Animated Nets Race To Go HD

Feb 13, 2006  •  Post A Comment

While several major cable networks have upgraded tentpole series to high definition, rival kids networks Cartoon Network and Disney Channel have quietly converted their animation production processes to HD in presumed preparation for launching HD spinoff channels.

“We have made the transition to HD and are ready to deliver in HD,” said Brian Miller, senior VP and general manager for Cartoon Network Studios. “It costs a little more, but nothing like you would encounter in live action. And the picture is unbelievable.”

Most major cable genres are now represented by a nationally distributed HD network, but not kids programming.

Of the kids networks, Turner Networks’ Cartoon appears to have the most stockpiled HD content, though Viacom-owned Nickelodeon has experience launching an HD network (dubbed MHD) and sources said Nick may be next among the Viacom HD suite.

Animation costs less to upgrade to HD than does live action but is still pricey-a half-hour of daytime animated programming costs at least $10,000 more to produce in HD, sources estimated. Even broadcast hits such as “The Simpsons” and “Family Guy” are still produced in standard definition.

Nickelodeon is also becoming HD-ready, albeit to a lesser degree. Despite the fact that animation is less expensive to go HD, Nick is producing its live-action content in HD, but not its animation. The reason: Nick has dramatically less live-action programming than animation in its lineup, sources said.

Nick also is very interested in broadcasting in the new format, however, the sources said.

Between Cartoon and The Walt Disney Co.’s Disney Channel, one reason for the upgrade is that children’s programming is a popular cable export. Cartoon Network, for example, distributes its shows to 160 counties, and several European and Asian nations are embracing the HD format.

But domestic distribution is still a priority, and the kids networks are closely guarding their HD strategies.

Mr. Miller said Cartoon’s HD upgrade is intended for a spinoff network, but Turner executives denied they have any firm launch plans in place.

“There are no plans in place for Cartoon Network in hi-def,” said Jim Samples, executive VP and general manager of Cartoon Network. “That being said, we are doing the responsible thing, creating entertainment assets for an HD future that will eventually come. These are long-term investments in our animation library. Not doing this would not be smart.”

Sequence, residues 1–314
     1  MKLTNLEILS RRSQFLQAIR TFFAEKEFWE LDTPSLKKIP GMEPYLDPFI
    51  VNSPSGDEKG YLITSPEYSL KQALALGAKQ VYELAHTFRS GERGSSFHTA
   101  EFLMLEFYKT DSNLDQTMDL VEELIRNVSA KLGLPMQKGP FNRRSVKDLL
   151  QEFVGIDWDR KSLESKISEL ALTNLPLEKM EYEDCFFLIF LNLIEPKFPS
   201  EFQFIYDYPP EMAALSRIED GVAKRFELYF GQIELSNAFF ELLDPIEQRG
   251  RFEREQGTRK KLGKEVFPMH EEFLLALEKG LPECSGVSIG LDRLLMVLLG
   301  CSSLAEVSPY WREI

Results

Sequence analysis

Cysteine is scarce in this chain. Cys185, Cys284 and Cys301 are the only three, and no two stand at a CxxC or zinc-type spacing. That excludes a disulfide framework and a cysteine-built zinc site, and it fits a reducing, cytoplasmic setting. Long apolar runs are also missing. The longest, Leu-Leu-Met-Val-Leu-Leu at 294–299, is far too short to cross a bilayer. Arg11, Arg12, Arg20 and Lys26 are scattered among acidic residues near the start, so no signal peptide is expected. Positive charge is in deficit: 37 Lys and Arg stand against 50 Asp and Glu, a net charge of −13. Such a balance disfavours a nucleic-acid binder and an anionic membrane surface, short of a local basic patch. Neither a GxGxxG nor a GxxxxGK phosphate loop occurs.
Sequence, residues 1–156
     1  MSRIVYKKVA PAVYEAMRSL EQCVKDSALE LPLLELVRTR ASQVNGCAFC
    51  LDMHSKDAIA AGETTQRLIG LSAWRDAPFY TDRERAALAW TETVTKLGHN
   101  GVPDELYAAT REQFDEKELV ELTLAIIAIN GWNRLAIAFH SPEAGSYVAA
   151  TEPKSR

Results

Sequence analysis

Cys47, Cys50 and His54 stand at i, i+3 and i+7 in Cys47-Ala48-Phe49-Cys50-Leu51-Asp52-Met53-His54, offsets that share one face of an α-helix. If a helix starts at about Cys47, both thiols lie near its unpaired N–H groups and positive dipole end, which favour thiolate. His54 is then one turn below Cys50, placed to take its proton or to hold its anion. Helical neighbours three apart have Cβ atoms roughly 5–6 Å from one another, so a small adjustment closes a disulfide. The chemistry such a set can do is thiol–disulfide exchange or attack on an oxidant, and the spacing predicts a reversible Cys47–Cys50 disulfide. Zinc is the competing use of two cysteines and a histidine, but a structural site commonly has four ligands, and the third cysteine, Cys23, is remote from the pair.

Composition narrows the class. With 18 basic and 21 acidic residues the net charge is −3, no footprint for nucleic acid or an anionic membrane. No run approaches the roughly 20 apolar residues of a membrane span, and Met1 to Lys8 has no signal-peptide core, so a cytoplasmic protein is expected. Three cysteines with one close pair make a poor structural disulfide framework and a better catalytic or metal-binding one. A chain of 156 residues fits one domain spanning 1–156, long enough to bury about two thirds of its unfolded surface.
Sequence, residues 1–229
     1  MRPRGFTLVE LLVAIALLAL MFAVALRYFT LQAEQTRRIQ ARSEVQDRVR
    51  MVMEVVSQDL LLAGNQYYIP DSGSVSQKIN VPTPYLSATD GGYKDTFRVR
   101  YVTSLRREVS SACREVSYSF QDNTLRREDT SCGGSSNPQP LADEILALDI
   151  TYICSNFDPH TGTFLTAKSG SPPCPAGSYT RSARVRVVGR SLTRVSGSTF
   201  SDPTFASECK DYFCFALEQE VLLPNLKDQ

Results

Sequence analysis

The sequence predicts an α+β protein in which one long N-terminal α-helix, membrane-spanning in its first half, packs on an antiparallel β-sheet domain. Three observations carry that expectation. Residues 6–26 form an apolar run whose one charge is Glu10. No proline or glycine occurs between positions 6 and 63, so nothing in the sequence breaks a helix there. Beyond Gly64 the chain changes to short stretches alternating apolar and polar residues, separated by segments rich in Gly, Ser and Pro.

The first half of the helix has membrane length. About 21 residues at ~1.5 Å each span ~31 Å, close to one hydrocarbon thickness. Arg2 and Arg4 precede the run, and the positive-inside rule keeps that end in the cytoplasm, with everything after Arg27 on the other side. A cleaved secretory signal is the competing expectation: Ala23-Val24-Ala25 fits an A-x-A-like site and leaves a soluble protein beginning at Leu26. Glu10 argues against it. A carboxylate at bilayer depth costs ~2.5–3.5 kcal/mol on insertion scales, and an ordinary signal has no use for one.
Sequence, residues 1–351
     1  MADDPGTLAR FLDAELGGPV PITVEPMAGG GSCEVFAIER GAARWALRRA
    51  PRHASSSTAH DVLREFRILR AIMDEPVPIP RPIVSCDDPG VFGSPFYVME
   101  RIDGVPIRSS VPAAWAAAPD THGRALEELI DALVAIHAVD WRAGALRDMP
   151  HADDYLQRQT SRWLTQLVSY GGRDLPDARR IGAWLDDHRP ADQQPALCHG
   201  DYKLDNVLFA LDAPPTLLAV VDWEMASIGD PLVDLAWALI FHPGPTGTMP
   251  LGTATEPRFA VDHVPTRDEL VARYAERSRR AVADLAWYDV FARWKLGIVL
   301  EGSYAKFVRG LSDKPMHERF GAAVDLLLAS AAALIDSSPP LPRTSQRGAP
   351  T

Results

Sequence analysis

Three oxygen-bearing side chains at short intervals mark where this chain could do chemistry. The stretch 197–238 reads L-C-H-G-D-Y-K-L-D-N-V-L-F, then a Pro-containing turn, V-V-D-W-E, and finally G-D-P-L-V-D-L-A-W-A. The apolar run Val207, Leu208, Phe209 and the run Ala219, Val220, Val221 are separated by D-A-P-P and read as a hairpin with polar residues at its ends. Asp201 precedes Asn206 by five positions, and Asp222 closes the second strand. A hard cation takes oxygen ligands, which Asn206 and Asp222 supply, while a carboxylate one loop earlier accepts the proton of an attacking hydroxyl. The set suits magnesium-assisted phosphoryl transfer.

Adult Swim an Exception

Yet the biggest hits on Cartoon Network-the older-skewing Adult Swim block-are an exception to the HD upgrade, said Mr. Miller, suggesting distribution plans specifically for the kids content. Most networks have only HD-upgraded their most popular programs.

Also, most animated programs on broadcast networks do not yet produce in high definition, even though the broadcasters have HD feeds.

“One, there’s a basic lack of willingness on the part of the producers to do HD,” said Chris Alexander, spokesman for “Simpsons” producer 20th Century Fox Television. “Two, there’s more painting and animation for the widescreen format, which increases the cost. Three, a lot of our animation is produced overseas, and they don’t have the equipment and technology yet.”

At Disney Channel, sources described the channel’s HD plans as still in flux.

“Six months ago there were HD discussions, now our concentration is going into other areas, with iTunes and digital media discussions,” one source said.

A lingering question is how much qualitative difference presenting animation in HD will make for viewers. Since the visual impact of HD is dependent on the amount of available detail, afternoon kids animation is not likely to benefit as much from the format as, say, finely penned adult anime.

“Animation works in HD,” said Mark Cuban, co-founder and president of HDNet. “But it’s not nearly as dramatic as ‘real’ content.”

Nickelodeon currently leads Cartoon Network among ad-supported basic cable networks in delivery of kids 2 to 11 and 6 to 11, according to Nielsen Media Research. Factor in “ad-sponsored” Disney Channel, and the delivery changes to Disney leading in prime and coming in second during daytime.